GREEN BAY – Mark Tauscher spent most of his childhood Sundays doing chores with his father, Denny, on their family farm and listening to the call of Jim Irwin and Max McGee on the Packers Radio Network.

While the 1980s were a turbulent time during the franchise’s illustrious history, it was during those broadcasts the future University of Wisconsin and Packers right tackle gained his love for the sport.

Roughly 30 years later, those are the small moments Tauscher harkened back to following Tuesday’s announcement that the Auburndale, Wis., native’s 11-year NFL career will be encapsulated with an induction into the Packers Hall of Fame in 2018, alongside longtime teammate Ryan Longwell.

Denny passed away in 2013, but was on hand for virtually all of Tauscher’s games at Lambeau Field from 2000-10. He was his son’s first coach and even set the table for Tauscher’s future career in sports broadcasting as a sportswriter himself for the Marshfield News-Herald and on WDLB radio delivering his weekly Packer Report.

“When I got the call, that was the first thing that hit me was how emotional for me it (will be with) my dad,” said Tauscher, who’s now a contributor to the Packers Radio Network himself. “I would not be in this position without him. All the time and effort he gave me in sports and junior high and everything else. … It’s a bummer he’s not going to be able to be here, but I’m sure he’s looking down pretty happy today.”

A former walk-on at Wisconsin, Tauscher wound up blocking for Ron Dayne during his Heisman Trophy season in 1999 and became the Packers’ seventh-round draft choice a year later.

To this day, he still remembers the first time he walked into the Packers’ locker room inside Lambeau Field. It was the same stadium he and a friend once snuck their way into following a training-camp practice.

“Being from Wisconsin and watching the Super Bowl teams, you walk in and you see Franky Winters, (Brett) Favre, Antonio Freeman, there’s a list and it’s kind of a deer-in-the-headlights-type of feeling,” Tauscher said. “You go out there and all of a sudden reality hits you pretty quickly when you have Vonnie Holliday rushing against you and you’re trying to block Santana Dotson.”

While it took two years for Tauscher to see the field at Wisconsin, his baptism into the NFL didn’t take nearly as long. He was pushed onto the field in only his second regular-season game after starting right tackle Earl Dotson exited at Buffalo with a back injury.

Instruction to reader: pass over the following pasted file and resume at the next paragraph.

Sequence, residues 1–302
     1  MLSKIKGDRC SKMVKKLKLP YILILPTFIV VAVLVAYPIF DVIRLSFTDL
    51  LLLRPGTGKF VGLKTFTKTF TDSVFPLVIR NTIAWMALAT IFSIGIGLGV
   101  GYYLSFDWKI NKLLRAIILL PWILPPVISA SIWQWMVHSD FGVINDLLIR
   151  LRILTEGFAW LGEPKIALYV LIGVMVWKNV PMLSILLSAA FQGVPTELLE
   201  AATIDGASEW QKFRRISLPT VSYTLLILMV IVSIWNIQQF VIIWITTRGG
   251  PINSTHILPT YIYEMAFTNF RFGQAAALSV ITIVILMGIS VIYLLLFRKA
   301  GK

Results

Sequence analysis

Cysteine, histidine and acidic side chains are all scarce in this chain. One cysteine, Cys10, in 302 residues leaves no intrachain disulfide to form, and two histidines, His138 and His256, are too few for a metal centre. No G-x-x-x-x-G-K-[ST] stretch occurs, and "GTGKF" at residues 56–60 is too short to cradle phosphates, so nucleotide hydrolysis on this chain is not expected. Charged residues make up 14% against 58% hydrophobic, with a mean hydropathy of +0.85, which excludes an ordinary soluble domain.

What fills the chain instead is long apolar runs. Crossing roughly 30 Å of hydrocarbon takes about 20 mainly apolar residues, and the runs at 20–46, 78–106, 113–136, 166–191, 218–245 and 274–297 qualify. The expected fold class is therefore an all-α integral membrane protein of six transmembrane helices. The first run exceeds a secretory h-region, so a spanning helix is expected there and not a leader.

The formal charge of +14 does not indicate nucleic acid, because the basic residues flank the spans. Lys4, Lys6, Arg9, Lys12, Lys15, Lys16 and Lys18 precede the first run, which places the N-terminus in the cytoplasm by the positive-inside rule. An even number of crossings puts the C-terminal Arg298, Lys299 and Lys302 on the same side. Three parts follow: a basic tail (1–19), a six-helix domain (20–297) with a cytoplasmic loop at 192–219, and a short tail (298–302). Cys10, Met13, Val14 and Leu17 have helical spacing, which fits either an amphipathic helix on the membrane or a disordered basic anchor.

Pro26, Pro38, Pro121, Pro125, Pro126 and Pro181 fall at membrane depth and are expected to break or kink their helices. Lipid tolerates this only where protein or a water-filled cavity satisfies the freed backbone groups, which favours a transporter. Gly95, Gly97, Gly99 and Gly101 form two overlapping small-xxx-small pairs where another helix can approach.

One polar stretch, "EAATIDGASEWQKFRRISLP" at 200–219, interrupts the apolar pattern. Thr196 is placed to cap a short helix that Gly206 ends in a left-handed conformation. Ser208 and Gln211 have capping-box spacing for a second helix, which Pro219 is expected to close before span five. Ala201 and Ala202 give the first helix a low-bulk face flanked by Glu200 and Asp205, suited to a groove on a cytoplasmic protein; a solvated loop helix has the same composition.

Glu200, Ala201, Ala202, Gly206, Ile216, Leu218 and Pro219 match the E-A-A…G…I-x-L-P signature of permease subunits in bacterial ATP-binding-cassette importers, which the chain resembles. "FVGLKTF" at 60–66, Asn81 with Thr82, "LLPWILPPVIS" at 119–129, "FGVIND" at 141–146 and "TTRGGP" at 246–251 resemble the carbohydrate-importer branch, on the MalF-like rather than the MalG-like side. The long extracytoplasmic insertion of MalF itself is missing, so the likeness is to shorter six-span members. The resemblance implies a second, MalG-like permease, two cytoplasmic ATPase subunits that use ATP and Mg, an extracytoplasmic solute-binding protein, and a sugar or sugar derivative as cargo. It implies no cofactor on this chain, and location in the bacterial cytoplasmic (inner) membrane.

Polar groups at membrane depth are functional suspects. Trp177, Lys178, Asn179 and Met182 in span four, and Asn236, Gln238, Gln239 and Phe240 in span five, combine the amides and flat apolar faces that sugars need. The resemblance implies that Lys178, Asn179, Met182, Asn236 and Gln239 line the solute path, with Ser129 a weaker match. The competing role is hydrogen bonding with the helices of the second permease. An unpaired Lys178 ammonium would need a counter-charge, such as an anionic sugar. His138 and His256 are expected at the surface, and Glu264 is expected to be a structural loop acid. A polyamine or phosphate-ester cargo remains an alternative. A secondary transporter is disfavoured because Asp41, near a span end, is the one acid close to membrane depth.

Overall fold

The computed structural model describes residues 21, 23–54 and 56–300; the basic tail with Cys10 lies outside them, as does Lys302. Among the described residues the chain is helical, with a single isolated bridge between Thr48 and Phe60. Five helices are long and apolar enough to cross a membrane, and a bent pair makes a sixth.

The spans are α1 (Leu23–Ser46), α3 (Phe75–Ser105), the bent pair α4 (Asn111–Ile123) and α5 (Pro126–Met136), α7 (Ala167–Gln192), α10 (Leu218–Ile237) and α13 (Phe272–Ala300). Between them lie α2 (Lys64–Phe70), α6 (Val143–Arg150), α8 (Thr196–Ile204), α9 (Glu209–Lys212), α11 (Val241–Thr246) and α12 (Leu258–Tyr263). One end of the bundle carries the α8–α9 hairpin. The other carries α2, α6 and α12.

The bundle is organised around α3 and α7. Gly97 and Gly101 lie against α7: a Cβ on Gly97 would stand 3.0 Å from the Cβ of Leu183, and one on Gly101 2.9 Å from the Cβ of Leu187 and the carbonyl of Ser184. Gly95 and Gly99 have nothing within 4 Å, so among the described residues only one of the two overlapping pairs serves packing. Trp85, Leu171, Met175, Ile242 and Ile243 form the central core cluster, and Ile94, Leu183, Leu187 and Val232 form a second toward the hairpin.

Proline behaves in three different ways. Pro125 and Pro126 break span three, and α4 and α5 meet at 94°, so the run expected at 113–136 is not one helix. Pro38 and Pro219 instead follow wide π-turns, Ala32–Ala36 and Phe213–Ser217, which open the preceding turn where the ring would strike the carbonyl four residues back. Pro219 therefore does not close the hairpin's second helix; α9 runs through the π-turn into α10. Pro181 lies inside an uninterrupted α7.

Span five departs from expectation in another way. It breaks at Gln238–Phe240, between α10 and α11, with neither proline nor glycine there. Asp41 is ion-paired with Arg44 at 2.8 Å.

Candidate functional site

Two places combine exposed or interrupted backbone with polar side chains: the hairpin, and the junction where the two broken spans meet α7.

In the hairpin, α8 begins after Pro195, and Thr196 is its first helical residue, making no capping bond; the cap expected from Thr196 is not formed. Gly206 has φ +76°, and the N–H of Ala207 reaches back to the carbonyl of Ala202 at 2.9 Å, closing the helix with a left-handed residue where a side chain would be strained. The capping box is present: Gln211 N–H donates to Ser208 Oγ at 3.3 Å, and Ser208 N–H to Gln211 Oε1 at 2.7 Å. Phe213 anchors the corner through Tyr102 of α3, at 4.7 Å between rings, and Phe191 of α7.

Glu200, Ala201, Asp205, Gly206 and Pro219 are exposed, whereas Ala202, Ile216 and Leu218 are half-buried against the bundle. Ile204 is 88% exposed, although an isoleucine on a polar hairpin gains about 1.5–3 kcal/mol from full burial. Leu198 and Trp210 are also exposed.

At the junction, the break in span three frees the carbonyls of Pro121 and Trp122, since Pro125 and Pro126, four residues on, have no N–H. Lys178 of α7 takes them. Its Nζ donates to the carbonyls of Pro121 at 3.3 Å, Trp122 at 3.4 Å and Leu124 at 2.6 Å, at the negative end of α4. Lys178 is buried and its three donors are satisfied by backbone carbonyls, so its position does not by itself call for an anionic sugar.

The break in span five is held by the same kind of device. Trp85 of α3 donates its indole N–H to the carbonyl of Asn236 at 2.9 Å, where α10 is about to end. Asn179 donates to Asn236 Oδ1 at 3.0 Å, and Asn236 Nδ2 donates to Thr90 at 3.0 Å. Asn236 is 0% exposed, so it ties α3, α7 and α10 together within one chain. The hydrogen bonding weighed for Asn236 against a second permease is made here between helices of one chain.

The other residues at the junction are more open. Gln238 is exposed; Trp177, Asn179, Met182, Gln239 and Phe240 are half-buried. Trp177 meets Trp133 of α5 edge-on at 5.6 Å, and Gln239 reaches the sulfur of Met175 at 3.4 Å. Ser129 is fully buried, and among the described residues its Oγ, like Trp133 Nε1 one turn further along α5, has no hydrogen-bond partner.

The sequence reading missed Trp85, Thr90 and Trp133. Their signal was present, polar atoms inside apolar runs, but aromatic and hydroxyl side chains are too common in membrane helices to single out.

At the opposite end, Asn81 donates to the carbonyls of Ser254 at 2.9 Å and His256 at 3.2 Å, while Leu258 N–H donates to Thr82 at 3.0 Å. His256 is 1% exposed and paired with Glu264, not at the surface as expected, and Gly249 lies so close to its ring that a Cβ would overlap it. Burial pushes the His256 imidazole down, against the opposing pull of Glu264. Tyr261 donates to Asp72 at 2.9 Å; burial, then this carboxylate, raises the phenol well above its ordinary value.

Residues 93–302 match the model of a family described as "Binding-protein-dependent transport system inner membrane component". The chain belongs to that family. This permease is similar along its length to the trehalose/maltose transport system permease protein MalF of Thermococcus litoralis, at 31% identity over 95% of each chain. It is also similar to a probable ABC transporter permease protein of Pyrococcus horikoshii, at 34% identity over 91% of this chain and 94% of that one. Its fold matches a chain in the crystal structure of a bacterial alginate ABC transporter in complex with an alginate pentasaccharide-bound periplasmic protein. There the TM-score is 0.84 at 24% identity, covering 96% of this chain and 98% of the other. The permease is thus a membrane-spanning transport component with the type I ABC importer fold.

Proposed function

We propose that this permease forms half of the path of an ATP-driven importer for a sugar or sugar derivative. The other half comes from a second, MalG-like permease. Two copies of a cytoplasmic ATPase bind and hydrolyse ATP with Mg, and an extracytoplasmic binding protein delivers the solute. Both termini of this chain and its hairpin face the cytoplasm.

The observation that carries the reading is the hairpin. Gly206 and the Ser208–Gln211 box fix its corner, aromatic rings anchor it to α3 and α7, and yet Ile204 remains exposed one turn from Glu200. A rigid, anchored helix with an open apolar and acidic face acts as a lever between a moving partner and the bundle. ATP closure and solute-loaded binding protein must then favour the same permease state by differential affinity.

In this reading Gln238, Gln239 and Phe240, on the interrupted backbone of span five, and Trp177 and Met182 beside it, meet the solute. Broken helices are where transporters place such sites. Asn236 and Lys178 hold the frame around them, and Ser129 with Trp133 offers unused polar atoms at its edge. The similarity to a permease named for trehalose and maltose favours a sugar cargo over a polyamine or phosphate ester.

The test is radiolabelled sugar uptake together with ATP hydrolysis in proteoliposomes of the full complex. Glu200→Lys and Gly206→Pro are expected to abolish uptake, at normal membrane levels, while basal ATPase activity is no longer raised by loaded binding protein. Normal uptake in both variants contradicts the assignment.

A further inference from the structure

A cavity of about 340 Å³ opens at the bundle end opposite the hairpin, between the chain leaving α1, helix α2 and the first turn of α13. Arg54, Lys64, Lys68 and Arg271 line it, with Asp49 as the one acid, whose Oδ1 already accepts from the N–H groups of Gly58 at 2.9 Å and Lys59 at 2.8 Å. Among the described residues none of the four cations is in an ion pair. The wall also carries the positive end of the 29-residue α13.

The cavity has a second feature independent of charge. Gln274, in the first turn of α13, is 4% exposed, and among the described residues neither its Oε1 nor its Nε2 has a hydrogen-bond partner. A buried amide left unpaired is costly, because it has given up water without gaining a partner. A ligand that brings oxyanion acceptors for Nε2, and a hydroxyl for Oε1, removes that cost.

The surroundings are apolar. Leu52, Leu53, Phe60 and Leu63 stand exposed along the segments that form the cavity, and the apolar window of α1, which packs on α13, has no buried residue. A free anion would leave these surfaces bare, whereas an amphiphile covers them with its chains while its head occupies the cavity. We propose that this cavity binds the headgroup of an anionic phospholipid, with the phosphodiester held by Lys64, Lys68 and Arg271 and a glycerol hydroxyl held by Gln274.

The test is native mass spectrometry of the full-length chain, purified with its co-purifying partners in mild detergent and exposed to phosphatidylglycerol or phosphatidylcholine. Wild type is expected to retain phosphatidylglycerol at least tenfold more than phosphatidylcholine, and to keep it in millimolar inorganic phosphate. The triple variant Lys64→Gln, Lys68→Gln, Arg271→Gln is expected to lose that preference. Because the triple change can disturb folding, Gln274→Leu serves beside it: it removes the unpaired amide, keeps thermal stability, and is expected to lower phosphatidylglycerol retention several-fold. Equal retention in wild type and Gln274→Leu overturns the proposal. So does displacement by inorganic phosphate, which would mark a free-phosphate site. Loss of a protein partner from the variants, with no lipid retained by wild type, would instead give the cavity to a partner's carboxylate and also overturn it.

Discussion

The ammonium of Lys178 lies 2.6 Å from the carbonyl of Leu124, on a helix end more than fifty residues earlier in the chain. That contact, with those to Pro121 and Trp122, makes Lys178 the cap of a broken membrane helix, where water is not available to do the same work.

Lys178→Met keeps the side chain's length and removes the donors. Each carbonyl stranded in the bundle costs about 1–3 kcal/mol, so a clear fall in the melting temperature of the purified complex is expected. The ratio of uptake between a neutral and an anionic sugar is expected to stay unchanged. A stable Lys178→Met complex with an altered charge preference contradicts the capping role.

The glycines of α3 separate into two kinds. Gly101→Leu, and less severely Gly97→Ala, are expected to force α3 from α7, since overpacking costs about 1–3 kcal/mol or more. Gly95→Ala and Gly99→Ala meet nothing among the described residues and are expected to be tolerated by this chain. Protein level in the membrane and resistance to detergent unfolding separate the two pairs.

Marco Rivera, the Packers’ starting right guard from 1998-2004, looked at Tauscher when he entered the game and said, “All right, Big T. Let’s go.” Tauscher proceeded to start each of the next 132 regular-season games he played in.

“When I look back on it, I was really fortunate that opportunity came really quickly, and then I was ready for the opportunity when it came. Next thing you know, it’s 20 years later and 132 starts,” Tauscher said. “It really was that first Buffalo game and thinking after the first or second practice that it’s great to be up here, but in order to be sustainable, you have to go out there and get the job done. That mentality is how I looked at it.”

Tauscher became a pillar on the offensive line with two-time Pro Bowl left tackle Chad Clifton, whose 12-year career in Green Bay was capped with an induction into the Packers Hall of Fame last year. While Tauscher sustained a season-ending injury in 2010, the two played together on the Packers’ Super Bowl XLV championship team.

They also were part of an offensive line that paved the way for club records in rushing (2,558 yards) and average per carry (5.0) in 2003, and a franchise record for fewest sacks allowed (14) in 2004.

The best part for Tauscher is he was able to do it all in front of his family, friends and his father, who will be looking down on him during the 48th Packers Hall of Fame Induction Banquet on Saturday, July 21, 2018.

“It was really cool being from here and being able to have family and friends, my dad obviously, at every home game to watch you play,” Tauscher said. “That’s a luxury a lot of guys don’t have. That was another thing that was cool about playing for your hometown team.”